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The Bias Oscillator Inductor

by Phil Taylor

Echorec model T7E bias oscillator inductor

Plate 1- Echorec model T7E patented bias oscillator inductor.

The inductor used in the Echorec’s bias oscillator circuitry is a custom manufactured component by Binson. The inductor is located on the circuit board of the 4-knob (4-tube) Echorec models, however in the 6-Knob (7-tube) machines, such as the T7E, there simply isn’t enough space to mount it on the circuit board so it’s secured to the chassis by a mounting stud. In fact, circuit board real estate is at such a premium on the 7-tube models that components are mounted on both sides of the circuit board, making these machines considerably more difficult, time consuming and expensive to manufacture than the 4-tube models. The inductor is connected into the oscillator circuitry by wires routed back to the circuit board – a rather awkward and untidy arrangement.

Design and Operation

Plate 1 shows an inductor that had been removed from a model T7E Echorec. This inductor is based on R.G. Wildys’, et al. patented design shown in figures 2 and 3 below. Within the metal can (1) there is the “pot-core”, which is made up of enamelled copper wire wound onto a plastic bobbin (14) sandwiched between two ferrite “pot” halves (10, 19). The inductor can be adjusted by means of a little grub screw (16) which moves a ferrite shunt (17) into the small air gap. The idea of Wildys’ design is to make the assembly process repeatable so that any two inductors selected from a batch will have closely matched electrical charactersitics. The patent describes this in further detail, “In order to ensure close adherence to any precalculated electrical characteristics of the pot-core component, it is necessary for the assembled parts to be carefully aligned and clamped at an even and constant pressure. Any variation on the physical contact of the various ferro-magnetic parts will affect the reluctance of magnetic paths and hence the inductance of the winding within the core parts and it is of the utmost importance, particularly when a quantity of matched pot-core components are to be manufactured, to ensure that any precalculated electrical characteristics are maintained to close tolerances by carefully controlling the alignment and standardising the clamping pressure of the parts.” In brief, the clamping pressure is achieved by using a spring washer (22) within the metal can (1) to push the two ferrite pots (10, 19) together.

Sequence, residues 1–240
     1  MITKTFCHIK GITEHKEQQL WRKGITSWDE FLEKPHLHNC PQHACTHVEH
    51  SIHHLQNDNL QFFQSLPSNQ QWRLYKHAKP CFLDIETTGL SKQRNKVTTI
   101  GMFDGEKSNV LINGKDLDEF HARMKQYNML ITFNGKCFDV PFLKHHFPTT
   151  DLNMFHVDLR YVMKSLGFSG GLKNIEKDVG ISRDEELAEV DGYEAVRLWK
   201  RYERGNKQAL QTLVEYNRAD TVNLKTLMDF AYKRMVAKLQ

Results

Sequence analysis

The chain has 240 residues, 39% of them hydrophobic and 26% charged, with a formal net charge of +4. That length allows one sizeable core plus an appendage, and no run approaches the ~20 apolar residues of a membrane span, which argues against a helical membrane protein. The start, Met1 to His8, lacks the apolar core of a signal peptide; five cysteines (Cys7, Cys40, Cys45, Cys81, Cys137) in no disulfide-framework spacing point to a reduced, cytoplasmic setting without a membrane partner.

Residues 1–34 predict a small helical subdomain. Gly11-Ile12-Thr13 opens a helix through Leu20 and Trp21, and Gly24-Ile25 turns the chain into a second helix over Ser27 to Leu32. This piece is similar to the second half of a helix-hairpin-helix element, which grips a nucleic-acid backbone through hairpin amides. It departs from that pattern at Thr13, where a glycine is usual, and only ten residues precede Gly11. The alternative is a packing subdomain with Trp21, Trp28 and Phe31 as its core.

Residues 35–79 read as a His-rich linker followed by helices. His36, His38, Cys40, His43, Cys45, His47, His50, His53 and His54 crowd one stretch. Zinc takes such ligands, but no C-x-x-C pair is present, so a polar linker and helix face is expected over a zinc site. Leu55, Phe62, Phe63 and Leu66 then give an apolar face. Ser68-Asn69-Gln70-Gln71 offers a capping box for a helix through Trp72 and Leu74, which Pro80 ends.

Ferromagnetic pot-core assemblies patent

The author questions the value in obtaining a patent for this ‘spring-washer-in-a-can’ invention, especially in light of the fact that increasing clamping pressure above a certain threshold results in little change of the inductors’ electrical characteristics. From the patent, “In arriving at a desired pressure load for particular pot-core size it is convenient to plot a curve showing inductance variation against variation of the applied pressure load to the core parts. Reference to figure 1 of the accompanying drawings shows a typical curve A-D obtained for a pot-core having a diameter of 30mm and for which the desired inductance L is obtained at a load of 54Kgs. It will be noticed that in this case the relative flat portion B-C of the curve A—D corresponds to a load variation from 40 kgs to 66 kgs and this will bring about a change in inductance of only -0.05% and +0.03% of the precalculated desired inductance.”